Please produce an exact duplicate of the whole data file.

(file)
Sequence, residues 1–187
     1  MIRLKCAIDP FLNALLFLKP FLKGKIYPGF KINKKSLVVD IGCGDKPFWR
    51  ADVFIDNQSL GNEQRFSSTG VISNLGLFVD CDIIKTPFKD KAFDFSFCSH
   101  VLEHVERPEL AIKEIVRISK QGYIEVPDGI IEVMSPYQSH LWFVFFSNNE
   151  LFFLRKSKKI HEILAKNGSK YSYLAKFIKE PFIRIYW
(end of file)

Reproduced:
Sequence, residues 1–187
     1  MIRLKCAIDP FLNALLFLKP FLKGKIYPGF KINKKSLVVD IGCGDKPFWR
    51  ADVFIDNQSL GNEQRFSSTG VISNLGLFVD CDIIKTPFKD KAFDFSFCSH
   101  VLEHVERPEL AIKEIVRISK QGYIEVPDGI IEVMSPYQSH LWFVFFSNNE
   151  LFFLRKSKKI HEILAKNGSK YSYLAKFIKE PFIRIYW